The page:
The Morning Report
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So much for redevelopment’s legislative tower of power. Seven local legislators have responded to our survey about Gov. Jerry Brown’s desire to kill redevelopment, and only one is a definite vote to preserve it.
Here’s the total tally: Two state senators are firm votes against redevelopment. One seems ready to tip against it. Among local assembly members, one will support redevelopment but is open to doing away with it over time; another is leaning against it. Two other legislators punted and declined to say how they’ll vote.
• Sen. Juan Vargas, Democrat and former San Diego City Council member who represents parts of the South Bay: He’s a maybe. “Redevelopment agencies have helped improve the quality of life in many parts of my district … My budget priority is to protect vital services to the poor and elderly, and protect K-12 education. If I must vote to reform redevelopment agencies to protect our state’s most vulnerable residents, I will.”
• Sen. Joel Anderson, Republican who represents much of East County didn’t indicate how he’ll vote but said “some community redevelopments have been highly successful while others have led to gross abuses … I believe the key to moving forward is to ask: ‘Are we getting a proper return on the money we trust with government and is this the best value on services provided to Californians?’”
• Sen. Mark Wyland, a Republican who represents much of North County, will support the governor: “Given the fiscal situation and the depth of cuts necessary to balance this budget, we need the revenue from redevelopment.”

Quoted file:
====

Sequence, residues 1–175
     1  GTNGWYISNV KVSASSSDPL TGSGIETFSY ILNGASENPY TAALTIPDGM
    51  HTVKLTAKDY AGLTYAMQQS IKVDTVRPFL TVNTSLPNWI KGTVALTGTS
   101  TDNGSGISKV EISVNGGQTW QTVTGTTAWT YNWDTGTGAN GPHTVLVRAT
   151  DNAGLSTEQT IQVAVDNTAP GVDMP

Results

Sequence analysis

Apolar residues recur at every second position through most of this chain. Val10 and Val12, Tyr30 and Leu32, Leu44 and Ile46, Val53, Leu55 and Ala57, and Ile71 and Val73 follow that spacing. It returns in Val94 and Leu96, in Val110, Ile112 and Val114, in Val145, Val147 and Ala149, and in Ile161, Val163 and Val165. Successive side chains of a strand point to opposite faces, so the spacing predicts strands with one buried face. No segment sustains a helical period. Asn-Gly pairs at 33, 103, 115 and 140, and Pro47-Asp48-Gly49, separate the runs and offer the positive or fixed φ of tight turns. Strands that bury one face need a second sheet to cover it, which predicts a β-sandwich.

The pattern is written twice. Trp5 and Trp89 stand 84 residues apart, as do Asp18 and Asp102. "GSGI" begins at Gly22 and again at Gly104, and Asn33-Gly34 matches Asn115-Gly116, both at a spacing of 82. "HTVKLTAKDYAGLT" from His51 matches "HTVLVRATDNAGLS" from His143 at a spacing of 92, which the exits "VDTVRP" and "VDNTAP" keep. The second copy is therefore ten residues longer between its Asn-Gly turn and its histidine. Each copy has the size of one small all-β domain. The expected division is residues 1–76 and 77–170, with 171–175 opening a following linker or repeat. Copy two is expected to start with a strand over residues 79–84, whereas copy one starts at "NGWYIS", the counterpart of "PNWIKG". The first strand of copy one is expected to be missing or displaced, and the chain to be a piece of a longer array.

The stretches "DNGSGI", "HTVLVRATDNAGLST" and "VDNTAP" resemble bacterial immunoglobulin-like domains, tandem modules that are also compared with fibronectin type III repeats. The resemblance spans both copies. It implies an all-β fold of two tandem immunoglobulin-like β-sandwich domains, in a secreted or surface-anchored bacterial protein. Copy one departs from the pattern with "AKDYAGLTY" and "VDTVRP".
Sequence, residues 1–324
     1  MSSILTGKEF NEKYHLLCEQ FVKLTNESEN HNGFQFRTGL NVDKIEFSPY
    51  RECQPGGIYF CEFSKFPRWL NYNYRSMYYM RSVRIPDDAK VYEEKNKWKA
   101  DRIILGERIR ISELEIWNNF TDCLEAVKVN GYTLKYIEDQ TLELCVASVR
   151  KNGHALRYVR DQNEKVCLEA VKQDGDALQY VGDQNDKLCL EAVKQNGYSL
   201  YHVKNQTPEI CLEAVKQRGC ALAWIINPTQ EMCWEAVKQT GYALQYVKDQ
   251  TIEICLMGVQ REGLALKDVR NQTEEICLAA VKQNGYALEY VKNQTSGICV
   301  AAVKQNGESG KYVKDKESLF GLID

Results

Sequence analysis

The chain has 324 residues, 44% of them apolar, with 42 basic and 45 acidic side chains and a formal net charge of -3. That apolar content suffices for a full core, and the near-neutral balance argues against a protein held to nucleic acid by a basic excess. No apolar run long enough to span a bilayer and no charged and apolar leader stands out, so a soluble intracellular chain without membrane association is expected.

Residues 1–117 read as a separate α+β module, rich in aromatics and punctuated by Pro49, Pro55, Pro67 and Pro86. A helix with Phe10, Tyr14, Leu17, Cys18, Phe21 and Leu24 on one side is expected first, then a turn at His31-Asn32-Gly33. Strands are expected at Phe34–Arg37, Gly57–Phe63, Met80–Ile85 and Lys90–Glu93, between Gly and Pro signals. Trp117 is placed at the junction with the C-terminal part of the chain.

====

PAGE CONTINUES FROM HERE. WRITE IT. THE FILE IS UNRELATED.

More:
• Sen. Christine Kehoe, a Democrat who represents a giant chunk of San Diego, will support the governor’s plan: “His proposal is one way to address our deficit. If we have to choose between funding our schools or funding a downtown stadium, I support our schools. Maybe it’s time for redevelopment needs to be funded locally.”
• Assemblywoman Diane Harkey, a Republican who represents parts of Orange County and North San Diego County and formerly served as mayor of Dana Point, will oppose the governor: While she’s not a proponent of redevelopment and said it’s been abused, she says “cities have budgeted counting on redevelopment funds.”
She’s calling for a 20 percent spending cut across the board instead. “I could also concede to not allowing future redevelopment agencies to form, or terminating the agencies at some future date, allowing those affected to have time to position and plan for the future,” she said.
• Assemblyman Ben Hueso, a Democrat and former San Diego City Council member who represents much of the South Bay, declined to say how he’ll vote. But a spokesperson said in a statement that he “believes everything has to be on the table for consideration given the unprecedented budget shortfalls. We have a few community coffees and events coming up where he hopes to hear from residents re the budget before making a decision.”
• Assemblyman Marty Block, a Democrat who represents parts of San Diego is leaning against redevelopment: “Redevelopment has its benefits to places like San Diego, but we need to prioritize where we spend our scarce resources. Although I have deep concerns about the impact on affordable housing and long-term job growth, I am leaning toward supporting the governor’s plan because it means that the few resources we have will go to fund other critical services like schools and child care.”
These local answers don’t predict how the full state Legislature will vote, but the survey clearly shows that redevelopment is vulnerable on both sides of the aisle. Downtown San Diego’s revitalization has been used as a poster child of success for redevelopment. In recent years, though, San Diego has also seen a series of redevelopment scandals and abuses. Currently, city leaders are eyeing redevelopment funds for the expansion of the Convention Center and a new football stadium downtown.
The offices of several other local assembly members said they’re working on answers to the voiceofsandiego.org survey. Stay tuned for an update.